American Indian and Alaska Native Poverty Rate About 50 Percent in Rapid City, S.D., and About 30 Percent in Five Other Cities, Census Bureau Reports
The poverty rate for American Indians and Alaska Natives in Rapid City, S.D. (50.9 percent) was around three times the rate in Anchorage, Alaska (16.6 percent) and about 30 percent or greater in five other cities most populated by this group (Gallup, N.M.; Minneapolis; Rapid City, S.D.; Shiprock, N.M.; Tucson, Ariz.; and Zuni Pueblo, N.M.), according to American Community Survey data collected from 2007 to 2011 by the U.S. Census Bureau. See figure.
“With the American Community Survey, we can look at the poverty rates for even the smallest race and Hispanic-origin groups,” said Suzanne Macartney, an analyst in the Census Bureau’s Poverty Statistics Branch.
These figures come from Poverty Rates for Selected Detailed Race and Hispanic Groups by State and Place: 2007-2011, an American Community Survey brief that presents poverty rates by race and Hispanic origin for the United States, each state and the District of Columbia. For the nation and each state, poverty rates are summarized for the major race groups. For the nation, each state and selected places, poverty rates are summarized for American Indians and Alaska Natives, detailed Asian groups with populations of 750,000 or more, Native Hawaiian and Other Pacific Islander groups with populations of 25,000 or more and Hispanic-origin groups with populations of 1 million or more.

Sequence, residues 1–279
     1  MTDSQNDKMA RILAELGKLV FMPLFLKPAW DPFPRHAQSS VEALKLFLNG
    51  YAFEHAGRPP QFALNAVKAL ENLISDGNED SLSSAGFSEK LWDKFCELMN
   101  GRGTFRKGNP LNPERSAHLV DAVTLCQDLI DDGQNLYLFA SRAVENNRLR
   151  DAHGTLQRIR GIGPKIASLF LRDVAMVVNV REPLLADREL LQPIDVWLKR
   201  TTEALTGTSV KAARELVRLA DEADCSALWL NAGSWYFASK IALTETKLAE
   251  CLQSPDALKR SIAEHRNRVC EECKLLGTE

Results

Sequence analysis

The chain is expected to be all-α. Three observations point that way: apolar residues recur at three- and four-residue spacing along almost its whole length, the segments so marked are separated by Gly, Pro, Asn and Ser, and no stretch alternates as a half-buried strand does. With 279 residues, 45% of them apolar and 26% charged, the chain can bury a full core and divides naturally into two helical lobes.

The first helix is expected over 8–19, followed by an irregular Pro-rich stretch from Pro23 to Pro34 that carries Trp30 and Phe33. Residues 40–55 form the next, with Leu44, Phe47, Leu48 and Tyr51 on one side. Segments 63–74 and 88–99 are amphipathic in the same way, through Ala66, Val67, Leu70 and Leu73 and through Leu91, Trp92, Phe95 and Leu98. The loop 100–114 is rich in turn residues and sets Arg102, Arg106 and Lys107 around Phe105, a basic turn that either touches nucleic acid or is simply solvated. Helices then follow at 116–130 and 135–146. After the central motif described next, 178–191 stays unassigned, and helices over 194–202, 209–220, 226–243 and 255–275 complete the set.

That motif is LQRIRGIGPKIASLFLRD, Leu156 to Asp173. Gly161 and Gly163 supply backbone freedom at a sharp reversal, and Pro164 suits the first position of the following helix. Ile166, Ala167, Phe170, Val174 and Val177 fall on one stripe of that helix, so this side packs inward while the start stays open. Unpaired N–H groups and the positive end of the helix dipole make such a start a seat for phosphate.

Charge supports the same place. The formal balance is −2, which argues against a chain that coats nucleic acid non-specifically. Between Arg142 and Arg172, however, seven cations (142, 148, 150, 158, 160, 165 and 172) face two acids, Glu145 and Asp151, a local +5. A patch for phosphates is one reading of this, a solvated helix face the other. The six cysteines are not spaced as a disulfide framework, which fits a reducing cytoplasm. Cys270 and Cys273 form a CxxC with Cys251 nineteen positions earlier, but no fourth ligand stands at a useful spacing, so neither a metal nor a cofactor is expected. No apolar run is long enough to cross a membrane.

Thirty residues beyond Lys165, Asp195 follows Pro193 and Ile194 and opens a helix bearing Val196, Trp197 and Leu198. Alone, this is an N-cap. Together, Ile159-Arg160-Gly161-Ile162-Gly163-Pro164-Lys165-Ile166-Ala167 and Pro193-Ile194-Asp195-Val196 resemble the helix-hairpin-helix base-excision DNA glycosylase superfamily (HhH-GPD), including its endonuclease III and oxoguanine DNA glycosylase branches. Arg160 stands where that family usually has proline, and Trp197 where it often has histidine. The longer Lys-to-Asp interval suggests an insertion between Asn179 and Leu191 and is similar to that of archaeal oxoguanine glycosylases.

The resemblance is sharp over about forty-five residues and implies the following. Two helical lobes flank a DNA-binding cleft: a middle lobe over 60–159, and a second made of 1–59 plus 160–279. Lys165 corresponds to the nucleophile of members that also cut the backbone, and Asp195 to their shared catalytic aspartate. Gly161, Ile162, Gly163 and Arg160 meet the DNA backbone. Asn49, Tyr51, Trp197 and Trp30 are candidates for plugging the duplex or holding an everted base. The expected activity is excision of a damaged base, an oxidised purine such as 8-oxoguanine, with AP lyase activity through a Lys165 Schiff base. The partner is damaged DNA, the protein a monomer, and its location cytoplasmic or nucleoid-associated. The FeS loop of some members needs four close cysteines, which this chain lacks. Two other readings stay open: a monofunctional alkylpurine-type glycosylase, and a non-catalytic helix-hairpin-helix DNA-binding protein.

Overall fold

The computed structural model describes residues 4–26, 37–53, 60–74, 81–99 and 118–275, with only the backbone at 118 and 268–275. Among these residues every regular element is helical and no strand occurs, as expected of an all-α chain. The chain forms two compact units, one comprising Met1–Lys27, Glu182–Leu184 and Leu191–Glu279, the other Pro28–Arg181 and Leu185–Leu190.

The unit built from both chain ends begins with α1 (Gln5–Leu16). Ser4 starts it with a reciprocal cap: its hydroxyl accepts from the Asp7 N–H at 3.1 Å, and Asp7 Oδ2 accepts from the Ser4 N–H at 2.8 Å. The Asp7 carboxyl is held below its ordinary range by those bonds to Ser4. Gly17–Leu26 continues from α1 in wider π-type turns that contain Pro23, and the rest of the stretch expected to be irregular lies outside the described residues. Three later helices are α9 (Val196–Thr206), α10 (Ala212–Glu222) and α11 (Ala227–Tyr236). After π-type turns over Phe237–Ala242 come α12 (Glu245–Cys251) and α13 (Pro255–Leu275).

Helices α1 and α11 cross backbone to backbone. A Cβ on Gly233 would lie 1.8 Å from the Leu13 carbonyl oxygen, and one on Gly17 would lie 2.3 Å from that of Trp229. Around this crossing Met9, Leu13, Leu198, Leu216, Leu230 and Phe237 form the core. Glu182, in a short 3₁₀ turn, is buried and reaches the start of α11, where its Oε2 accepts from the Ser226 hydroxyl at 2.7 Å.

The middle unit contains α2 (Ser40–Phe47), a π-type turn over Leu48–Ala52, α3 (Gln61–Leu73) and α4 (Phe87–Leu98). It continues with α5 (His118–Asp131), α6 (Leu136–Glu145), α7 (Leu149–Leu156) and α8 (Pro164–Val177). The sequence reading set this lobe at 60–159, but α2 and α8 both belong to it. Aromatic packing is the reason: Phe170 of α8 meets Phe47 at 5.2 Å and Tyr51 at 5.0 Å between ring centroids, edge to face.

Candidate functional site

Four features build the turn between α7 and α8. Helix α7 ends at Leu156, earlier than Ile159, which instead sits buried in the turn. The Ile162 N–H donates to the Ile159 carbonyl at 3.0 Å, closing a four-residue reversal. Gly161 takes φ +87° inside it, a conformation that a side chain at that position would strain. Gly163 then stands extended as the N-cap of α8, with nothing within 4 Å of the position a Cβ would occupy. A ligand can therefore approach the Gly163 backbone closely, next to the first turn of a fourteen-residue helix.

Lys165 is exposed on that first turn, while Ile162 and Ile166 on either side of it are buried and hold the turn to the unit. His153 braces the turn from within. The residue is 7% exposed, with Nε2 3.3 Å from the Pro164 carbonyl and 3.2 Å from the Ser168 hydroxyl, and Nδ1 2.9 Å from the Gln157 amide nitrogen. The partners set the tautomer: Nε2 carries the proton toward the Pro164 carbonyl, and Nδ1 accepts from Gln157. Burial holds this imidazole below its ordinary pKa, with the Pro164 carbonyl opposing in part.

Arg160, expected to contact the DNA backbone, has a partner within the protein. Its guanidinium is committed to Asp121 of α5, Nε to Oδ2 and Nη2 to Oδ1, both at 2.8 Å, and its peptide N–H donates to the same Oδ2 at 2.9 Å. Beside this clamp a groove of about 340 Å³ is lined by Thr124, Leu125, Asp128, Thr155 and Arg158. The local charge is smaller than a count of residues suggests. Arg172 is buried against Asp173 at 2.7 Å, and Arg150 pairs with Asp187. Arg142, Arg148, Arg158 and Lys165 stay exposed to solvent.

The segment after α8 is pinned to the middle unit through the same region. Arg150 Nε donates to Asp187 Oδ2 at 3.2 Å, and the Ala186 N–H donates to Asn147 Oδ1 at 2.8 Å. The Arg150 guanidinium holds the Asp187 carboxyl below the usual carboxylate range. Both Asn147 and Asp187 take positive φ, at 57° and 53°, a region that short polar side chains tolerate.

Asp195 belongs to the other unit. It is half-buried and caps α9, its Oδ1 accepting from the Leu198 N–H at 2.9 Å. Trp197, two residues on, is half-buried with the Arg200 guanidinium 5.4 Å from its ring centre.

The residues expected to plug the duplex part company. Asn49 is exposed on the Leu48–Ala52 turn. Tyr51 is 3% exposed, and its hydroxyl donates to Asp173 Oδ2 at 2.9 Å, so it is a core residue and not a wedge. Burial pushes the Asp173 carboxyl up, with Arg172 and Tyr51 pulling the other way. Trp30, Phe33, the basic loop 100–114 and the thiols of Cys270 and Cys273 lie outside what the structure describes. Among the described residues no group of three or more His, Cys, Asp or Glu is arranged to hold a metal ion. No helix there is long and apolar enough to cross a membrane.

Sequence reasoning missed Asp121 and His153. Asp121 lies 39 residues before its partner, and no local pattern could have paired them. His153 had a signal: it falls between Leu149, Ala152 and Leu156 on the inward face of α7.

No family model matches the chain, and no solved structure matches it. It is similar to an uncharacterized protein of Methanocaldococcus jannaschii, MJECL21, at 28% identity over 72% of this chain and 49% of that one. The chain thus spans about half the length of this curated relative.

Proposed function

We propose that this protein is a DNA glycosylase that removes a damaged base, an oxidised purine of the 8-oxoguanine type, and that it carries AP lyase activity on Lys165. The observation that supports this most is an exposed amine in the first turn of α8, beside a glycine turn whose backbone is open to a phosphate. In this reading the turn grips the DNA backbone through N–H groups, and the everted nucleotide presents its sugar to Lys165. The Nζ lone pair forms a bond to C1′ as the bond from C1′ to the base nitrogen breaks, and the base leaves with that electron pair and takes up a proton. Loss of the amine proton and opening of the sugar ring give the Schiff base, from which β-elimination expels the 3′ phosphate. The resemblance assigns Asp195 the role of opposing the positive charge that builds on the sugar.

Two race groups had poverty rates more than 10 percentage points higher than the national rate of 14.3 percent: American Indian and Alaska Native (27.0 percent) and black or African- American (25.8 percent). Rates were above the overall national average for Native Hawaiians and Other Pacific Islanders (17.6 percent), while poverty rates for people identified as white (11.6 percent) or Asian (11.7 percent) were lower than the overall poverty rate. Poverty rates for whites and Asians were not statistically different from each other. The Hispanic population had a poverty rate of 23.2 percent, about nine percentage points higher than the overall U.S. rate.
The American Community Survey provides a wide range of important statistics about people and housing for every community across the nation. The results are used by everyone from town and city planners to retailers and homebuilders. The survey is the only source of local estimates for most of the 40 topics it covers, such as education, occupation, language, ancestry and housing costs for even the smallest communities. Ever since Thomas Jefferson directed the first census in 1790, the census has collected detailed characteristics about our nation’s people. Questions about jobs and the economy were added 20 years later under James Madison, who said such information would allow Congress to “adapt the public measures to the particular circumstances of the community,” and over the decades allow America “an opportunity of marking the progress of the society.”
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